Ignore the Man Behind the Curtain: On the Government Speech Doctrine and What it Licenses
Capital University - Law School
March 15, 2012
Boston University Public Interest Law Journal, Vol. 21, pp. 85-127, 2011
While federal and state governments have long been communicating to various audiences in multiple ways in a variety of contexts, the United States Supreme Court has only recently invoked the government speech doctrine to protect certain state acts and policies from First Amendment challenge. The contours of the doctrine are rather fuzzy — there are no clear criteria by which to determine when the government is speaking or what, if anything, the government must be saying in order for the doctrine’s protections to be invoked. This lack of clarity has caused great confusion in the lower courts — judges seem not to know how or when the doctrine should be applied. This article discusses the government speech doctrine and its application, concluding that the Court seems to have created yet another open-ended exception in First Amendment jurisprudence that has the potential to greatly eviscerate the First Amendment protections that are allegedly held quite dear.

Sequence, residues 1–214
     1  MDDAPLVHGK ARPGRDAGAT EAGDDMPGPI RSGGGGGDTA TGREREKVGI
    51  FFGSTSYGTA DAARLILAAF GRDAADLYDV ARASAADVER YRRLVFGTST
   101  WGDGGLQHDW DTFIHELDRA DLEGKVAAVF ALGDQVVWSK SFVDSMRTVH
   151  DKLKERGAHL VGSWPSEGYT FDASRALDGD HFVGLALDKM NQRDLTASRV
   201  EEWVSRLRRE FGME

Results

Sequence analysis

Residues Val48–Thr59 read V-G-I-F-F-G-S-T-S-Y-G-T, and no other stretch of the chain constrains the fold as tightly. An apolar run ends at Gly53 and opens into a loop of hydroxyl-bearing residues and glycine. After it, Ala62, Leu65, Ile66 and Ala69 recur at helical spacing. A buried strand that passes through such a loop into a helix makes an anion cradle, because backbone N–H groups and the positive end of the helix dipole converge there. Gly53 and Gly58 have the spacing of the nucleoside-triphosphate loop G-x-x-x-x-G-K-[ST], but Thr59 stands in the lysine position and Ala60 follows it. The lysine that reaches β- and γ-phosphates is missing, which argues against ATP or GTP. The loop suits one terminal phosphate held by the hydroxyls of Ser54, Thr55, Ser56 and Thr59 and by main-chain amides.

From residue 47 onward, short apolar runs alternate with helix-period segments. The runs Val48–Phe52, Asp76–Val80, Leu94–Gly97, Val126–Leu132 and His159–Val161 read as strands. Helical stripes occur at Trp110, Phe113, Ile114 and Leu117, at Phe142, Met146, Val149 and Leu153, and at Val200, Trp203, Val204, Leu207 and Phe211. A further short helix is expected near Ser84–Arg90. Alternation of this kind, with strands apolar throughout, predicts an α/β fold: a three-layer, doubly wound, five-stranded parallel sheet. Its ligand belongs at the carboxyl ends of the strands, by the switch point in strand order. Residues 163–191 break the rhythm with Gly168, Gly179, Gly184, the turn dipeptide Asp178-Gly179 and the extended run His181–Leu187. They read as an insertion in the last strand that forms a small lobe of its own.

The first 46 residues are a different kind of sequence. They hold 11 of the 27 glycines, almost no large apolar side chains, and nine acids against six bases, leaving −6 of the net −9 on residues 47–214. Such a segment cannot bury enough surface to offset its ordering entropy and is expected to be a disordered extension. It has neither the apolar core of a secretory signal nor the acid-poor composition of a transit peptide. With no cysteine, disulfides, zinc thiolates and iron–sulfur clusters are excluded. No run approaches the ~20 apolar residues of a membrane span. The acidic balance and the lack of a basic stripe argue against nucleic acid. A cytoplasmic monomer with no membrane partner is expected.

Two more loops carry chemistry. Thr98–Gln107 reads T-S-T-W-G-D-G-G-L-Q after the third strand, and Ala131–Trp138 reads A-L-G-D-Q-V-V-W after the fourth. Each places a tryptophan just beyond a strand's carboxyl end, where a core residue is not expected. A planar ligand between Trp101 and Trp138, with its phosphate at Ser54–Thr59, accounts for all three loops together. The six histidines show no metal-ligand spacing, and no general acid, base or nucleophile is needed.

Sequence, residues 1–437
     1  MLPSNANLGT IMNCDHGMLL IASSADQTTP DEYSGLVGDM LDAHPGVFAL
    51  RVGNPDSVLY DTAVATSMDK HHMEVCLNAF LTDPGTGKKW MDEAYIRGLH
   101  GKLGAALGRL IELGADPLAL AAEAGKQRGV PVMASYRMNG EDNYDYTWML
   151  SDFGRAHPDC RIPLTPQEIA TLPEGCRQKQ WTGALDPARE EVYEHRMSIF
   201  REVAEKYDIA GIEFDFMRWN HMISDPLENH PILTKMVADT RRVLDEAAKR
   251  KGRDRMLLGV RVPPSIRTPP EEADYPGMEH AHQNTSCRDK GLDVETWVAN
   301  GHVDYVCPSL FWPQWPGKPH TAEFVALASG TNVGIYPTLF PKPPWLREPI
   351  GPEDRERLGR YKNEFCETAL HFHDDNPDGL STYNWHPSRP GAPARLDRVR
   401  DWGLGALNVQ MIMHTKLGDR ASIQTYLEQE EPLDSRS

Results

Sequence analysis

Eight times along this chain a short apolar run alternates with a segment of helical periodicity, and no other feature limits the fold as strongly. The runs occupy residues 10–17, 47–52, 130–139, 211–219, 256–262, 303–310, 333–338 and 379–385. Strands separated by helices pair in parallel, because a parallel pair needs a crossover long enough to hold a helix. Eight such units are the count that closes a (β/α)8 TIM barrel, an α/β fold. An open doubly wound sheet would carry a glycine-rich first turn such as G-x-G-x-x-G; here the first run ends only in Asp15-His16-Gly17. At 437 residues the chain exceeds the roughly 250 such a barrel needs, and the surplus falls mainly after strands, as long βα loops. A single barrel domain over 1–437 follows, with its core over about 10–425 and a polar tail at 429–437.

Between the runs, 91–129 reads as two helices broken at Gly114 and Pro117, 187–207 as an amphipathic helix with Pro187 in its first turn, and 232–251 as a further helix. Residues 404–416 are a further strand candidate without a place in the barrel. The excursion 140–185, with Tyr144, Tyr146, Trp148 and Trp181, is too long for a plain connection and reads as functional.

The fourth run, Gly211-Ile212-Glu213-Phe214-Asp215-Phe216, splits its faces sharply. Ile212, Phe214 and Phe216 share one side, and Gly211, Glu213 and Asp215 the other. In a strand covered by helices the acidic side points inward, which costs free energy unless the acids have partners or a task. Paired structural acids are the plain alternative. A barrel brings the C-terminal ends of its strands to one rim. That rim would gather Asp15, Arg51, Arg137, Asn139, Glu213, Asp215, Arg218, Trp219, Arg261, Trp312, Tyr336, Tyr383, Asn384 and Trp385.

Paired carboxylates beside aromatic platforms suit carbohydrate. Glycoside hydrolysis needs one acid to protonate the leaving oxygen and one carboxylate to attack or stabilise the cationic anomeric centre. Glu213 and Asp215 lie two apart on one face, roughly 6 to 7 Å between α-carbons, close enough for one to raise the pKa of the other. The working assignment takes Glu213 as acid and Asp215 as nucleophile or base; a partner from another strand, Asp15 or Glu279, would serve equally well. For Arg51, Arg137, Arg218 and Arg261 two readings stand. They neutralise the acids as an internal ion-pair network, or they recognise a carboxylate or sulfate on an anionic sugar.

Keywords: government speech, monuments, license plates, advertizing
JEL Classification: K10
Date posted: March 16, 2012